~by Thomas Azar
Orpheus Academy of Music was fortunate enough to have Dr. Judith Jellison* visit and share valuable information with music teachers from all over Austin. The primary focus of our session was how the lives of mentally and/or physically challenged students can be enriched by music and we, as music educators, to bring them the joy and positive energy in the lessons and classes. There were also parents of children with learning disabilities sharing their personal experiences in the session.
During the session, Dr. Jellison led an interactive discussion on topics which she, drawing from her decades of experience working with challenged students, deemed to be the most impactful. One of the most essential point about teaching special-need students is to design a teaching plan which would fit all the students well in the class without isolating them out of the group (universal design). We then broke off into small groups, each group with one to two participating parents so that everyone had a chance to share their own experiences and ask questions. At the very end of the day we gathered again and presented our core findings.
I encountered a long list of individual ideas from Dr. Jellison and the others at the meeting and felt better equipped to create flexible situations in my lesson plans which account for more unique learning patterns. Dr. Jellison stressed that everyone likes to feel good about what they are doing, and we all like to have a clear picture of what we expect to achieve. For this reason, it is imperative that our lessons include interaction among the students, cultivate an understanding of our differences, and celebrate true achievements.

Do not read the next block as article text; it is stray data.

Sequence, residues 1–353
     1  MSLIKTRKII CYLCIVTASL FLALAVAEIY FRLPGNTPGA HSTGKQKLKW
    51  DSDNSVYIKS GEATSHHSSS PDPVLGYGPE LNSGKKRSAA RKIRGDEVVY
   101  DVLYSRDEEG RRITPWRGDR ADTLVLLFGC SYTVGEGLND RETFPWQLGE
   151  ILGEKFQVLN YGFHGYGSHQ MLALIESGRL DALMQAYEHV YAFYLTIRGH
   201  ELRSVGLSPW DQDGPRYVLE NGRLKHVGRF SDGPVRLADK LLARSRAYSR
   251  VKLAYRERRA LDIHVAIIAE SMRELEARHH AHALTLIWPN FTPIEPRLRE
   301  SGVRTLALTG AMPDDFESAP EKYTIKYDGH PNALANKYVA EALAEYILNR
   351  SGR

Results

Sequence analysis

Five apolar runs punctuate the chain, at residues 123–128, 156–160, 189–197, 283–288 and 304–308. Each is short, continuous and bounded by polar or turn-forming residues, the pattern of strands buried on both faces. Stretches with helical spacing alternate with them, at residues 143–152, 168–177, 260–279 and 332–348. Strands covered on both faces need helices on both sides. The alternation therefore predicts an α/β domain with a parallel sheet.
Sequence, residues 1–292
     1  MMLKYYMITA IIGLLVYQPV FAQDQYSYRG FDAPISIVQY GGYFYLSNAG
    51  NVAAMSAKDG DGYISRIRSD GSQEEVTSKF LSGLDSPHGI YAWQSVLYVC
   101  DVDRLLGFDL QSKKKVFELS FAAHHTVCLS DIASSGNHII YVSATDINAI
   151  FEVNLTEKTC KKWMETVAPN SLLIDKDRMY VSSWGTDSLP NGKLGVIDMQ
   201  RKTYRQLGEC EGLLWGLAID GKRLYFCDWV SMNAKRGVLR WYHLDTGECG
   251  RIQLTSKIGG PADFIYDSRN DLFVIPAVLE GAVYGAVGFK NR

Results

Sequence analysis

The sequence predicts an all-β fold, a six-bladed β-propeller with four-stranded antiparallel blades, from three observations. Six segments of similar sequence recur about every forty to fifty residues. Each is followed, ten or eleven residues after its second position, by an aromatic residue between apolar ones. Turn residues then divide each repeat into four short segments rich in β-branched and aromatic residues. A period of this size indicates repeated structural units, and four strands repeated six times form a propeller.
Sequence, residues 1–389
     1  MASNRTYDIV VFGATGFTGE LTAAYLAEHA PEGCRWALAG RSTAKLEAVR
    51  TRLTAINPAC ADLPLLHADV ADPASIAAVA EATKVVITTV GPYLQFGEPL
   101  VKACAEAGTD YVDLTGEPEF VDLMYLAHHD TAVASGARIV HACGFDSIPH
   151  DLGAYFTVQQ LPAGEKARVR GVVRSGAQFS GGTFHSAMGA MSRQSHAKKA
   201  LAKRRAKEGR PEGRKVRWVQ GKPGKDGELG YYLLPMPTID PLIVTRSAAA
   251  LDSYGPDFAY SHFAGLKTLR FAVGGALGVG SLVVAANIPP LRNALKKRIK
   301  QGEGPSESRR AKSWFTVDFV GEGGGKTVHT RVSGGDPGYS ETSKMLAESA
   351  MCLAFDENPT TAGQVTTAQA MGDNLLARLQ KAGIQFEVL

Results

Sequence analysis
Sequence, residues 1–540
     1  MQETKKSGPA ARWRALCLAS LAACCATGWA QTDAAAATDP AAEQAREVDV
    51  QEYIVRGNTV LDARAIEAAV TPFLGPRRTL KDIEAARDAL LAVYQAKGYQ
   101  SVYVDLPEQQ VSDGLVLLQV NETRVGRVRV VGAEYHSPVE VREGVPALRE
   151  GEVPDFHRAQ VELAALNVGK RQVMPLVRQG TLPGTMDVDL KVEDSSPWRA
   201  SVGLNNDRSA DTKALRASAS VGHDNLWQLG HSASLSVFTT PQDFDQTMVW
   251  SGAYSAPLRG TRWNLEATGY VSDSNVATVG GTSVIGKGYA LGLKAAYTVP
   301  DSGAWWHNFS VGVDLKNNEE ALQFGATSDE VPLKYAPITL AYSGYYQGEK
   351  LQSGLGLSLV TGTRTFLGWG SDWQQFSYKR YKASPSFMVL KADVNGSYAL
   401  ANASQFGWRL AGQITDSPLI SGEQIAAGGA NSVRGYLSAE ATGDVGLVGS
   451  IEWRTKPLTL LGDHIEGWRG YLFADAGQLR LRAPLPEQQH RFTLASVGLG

Working with disabled children is very much about anticipating their frustrations, and being firmly present to show them that adversity is not defeat, and challenges are part of the fun in life. Dr. Jellison showed us how to make adaptations of our lesson plans to develop self-determined goals and responsibility in every student–especially among people with disabilities. It is crucial to have good transitions in the lesson, only introduce one new concept, and sufficiently reinforce old concepts.
When we are fortunate enough to establish a good rapport with a disabled student, we have the honor of improving that young person’s quality of life through music, which would last for the rest of his life. If we take a little extra time to consider how we might better reach each student on a personal level, we open up the possibilities of everything that student can achieve.
*Dr. Judith Jellison is the Mary D. Bold Regents Professor of Music in the Butler School of Music at the University of Texas at Austin where she is a member of the Academy of Distinguished Teachers and holds the title of University Distinguished Teaching Professor. In the Butler School of Music she serves as Head of the Division of Music and Human Learning and teaches undergraduate and graduate courses in children’s literature and performance, observation and evaluation, and music in special education and therapy. Orpheus Academy of Music is really grateful for her time and generosity to help us reach our goal to become better music educators.
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